The holiday decorations and treats, time with friends and family: Most of us are looking forward to enjoying ourselves with our loved ones. But what if we can't do so because of unrecognized self-sabotage? Although it's not as widely discussed as stress and depression, self-sabotage is a common experience for many people during the holiday season.
My friend Janet had invited friends and family to a holiday dinner at her home. As the youngest child, she'd never attempted to prepare the meal herself, but this year she wanted to be the host. She was happy planning everything, shopping for the meal, and preparing all the trimmings. Janet was an excellent cook, organized and efficient. Two days before the special day, she started to have problems. First, she cut her thumb so deeply with a knife that she had to go to the ER. That was totally unlike her since she usually was very handy with kitchen utensils. Then while carrying groceries into the house, she slipped and hurt her knee badly. So limping around and with a bandaged hand and a brace to stabilize her knee, she managed to prepare the dinner.
When the day came, everyone sat around enjoying the delicious meal. Janet tried to get into the holiday spirit, but her mind kept dwelling on her injuries. She'd never had anything like that happen to her before.
"Well, you had to practically kill yourself, but you did a magnificent job," her brother Tom chimed. When Janet considered that perhaps something else was going on with her, her brother Tom helped her get in touch with her feelings when he mentioned how their mother always used to criticize Janet as a child. And especially around the holidays.
During desert, memories of her mother flooded back into Janet's mind. Tom was right. Their mother always made her feel inadequate, especially around the holidays. Janet hadn't thought about that for a long time, because she was so good at work, sports, and most things she chose to do. And Janet had never attempted to have holidays at her home. In fact, she realized she usually was anxious around Thanksgiving and Christmas.
As is true with many people, the holidays had triggered old feelings of inadequacy, but Janet hadn't been conscious of these feelings or of her anxiety. Her clumsiness was a way that her unconscious mind reminded her of her mother's negative view of her. When old feelings of inadequacy are able to control or heavily influence behavior, psychiatrists call this self-sabotage.
Janet's behavior isn't uncommon. Unusual physical clumsiness (tripping, cutting oneself, dropping things), making inappropriate comments, overindulging in alcohol or drugs, being late or missing events altogether when you are usually punctual, and oversleeping when you typically have an accurate internal clock, are all signs of self-sabotage. Because we like to think that we are completely in control of ourselves and are consciously making decisions, often it's hard to recognize that these behaviors are driven by our unconscious mind.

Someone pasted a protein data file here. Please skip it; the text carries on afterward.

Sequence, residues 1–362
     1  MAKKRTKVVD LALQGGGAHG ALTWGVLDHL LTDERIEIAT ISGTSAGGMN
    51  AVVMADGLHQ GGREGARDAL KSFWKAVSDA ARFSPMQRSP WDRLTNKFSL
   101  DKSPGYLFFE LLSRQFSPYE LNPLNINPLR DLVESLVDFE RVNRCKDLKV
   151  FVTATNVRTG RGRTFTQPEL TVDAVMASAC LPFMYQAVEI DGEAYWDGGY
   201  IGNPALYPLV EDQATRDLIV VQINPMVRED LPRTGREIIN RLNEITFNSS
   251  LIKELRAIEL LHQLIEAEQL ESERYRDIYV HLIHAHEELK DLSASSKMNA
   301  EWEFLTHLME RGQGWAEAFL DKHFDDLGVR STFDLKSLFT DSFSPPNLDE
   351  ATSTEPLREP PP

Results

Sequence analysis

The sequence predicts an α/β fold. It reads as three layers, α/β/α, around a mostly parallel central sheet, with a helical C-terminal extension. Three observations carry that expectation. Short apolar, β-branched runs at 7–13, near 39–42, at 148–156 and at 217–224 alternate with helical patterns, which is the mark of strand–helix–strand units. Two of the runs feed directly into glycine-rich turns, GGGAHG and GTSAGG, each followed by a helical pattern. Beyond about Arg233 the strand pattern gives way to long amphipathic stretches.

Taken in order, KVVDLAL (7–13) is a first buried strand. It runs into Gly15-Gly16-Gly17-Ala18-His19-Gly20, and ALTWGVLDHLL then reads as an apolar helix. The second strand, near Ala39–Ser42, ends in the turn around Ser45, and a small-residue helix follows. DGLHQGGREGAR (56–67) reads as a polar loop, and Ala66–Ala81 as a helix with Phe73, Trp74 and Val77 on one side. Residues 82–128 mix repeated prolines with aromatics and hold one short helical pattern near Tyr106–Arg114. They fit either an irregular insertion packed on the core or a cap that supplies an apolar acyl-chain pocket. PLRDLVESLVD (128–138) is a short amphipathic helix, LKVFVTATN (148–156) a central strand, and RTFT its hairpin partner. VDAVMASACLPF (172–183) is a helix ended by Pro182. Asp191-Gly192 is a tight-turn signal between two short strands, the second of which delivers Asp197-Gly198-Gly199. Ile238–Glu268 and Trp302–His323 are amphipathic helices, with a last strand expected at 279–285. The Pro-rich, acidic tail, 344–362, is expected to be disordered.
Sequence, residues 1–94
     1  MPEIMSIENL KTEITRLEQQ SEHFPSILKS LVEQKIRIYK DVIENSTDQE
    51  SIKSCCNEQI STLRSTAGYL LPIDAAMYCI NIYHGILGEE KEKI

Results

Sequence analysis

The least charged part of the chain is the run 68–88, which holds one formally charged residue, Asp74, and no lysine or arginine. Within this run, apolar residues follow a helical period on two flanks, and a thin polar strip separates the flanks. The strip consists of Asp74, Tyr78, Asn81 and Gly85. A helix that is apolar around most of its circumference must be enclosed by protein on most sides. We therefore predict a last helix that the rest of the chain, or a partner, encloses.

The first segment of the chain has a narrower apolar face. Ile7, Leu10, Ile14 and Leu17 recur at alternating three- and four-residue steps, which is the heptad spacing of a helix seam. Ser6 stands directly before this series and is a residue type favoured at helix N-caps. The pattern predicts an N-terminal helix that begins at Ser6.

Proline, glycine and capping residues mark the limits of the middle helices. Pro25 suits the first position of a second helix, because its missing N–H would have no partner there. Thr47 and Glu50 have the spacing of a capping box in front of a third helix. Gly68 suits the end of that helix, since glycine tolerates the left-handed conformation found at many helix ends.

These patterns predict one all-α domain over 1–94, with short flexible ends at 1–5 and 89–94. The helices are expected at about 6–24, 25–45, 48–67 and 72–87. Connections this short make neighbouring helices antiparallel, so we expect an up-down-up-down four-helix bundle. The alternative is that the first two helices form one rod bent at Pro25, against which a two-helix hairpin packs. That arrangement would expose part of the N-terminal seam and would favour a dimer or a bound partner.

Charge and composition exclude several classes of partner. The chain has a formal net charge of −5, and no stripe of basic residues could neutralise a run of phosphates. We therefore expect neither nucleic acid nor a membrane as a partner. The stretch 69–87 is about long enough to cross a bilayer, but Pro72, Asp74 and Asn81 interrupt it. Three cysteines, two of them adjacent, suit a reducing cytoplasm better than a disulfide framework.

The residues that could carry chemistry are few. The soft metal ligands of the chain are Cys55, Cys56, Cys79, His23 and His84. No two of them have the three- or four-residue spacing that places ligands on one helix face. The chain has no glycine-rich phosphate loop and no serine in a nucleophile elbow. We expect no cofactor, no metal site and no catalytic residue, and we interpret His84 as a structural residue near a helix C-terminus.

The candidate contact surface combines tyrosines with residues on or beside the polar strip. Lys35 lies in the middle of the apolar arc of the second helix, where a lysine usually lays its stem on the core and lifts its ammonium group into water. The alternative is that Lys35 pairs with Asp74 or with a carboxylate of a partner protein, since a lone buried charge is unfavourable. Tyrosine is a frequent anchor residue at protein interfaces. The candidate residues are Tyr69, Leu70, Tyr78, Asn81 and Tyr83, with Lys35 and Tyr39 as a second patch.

If you or a loved one is experiencing any of these signs, here are eight tips for avoiding self-sabotage:
1. Writing is a great tool for bringing the unconscious forward. Journal about your experiences and attempt to find patterns of behavior that work against you. Also try to see if these patterns occur at any special times, like the holidays.
2. Speak with a therapist to get in touch with your feelings. If Janet had been aware of her feelings of inadequacy around the holidays, perhaps she wouldn't have cut herself or fallen. Sometimes people prefer to participate in group therapy, a setting in which they can learn about others self-sabotaging and share their feelings.
3. Stop and pause and take a deep breathe. Recognize that your behavior is atypical of your everyday way of living your life. Practice mindfulness meditation, which forces you slow down and consider every movement made.
4. Do something just for you every day (or failing that, several times per week) during the season -- take a yoga class, buy yourself a gift, get a manicure after work, attend a cooking class, take a writing workshop.
5. Volunteer. Spend time outside of your head by giving to others. My friend regularly serves at an soup kitchen during December "just to remind her how good it feels to help someone else during the holidays."
6. Spend time with loved ones in other settings. If you and your cousin are especially close, meet for lunch so that you have one-on-one time apart from the rest of the family.
7. Consider psychotherapy. It makes your unconscious mind conscious. Sigmund Freud differentiated the conscious mind from the unconscious back in the early part of the twentieth century. Dr. Freud called the unconscious the unbewusst, which simply means "the unknown" in German. After Freud, psychoanalysts and psychotherapists developed many treatments to make the unconscious mind more conscious.
8. Monitor and measure how you are doing, by referring back to your journal at different times and trying to move forward out of self-sabotage. Speak to a mental health professional if necessary.
Once you are able to recognize the signs of self-sabotage and take action to avoid behavior and situations that might lead to unhappiness, you can enjoy yourself and the holidays can become more meaningful and fulfilling.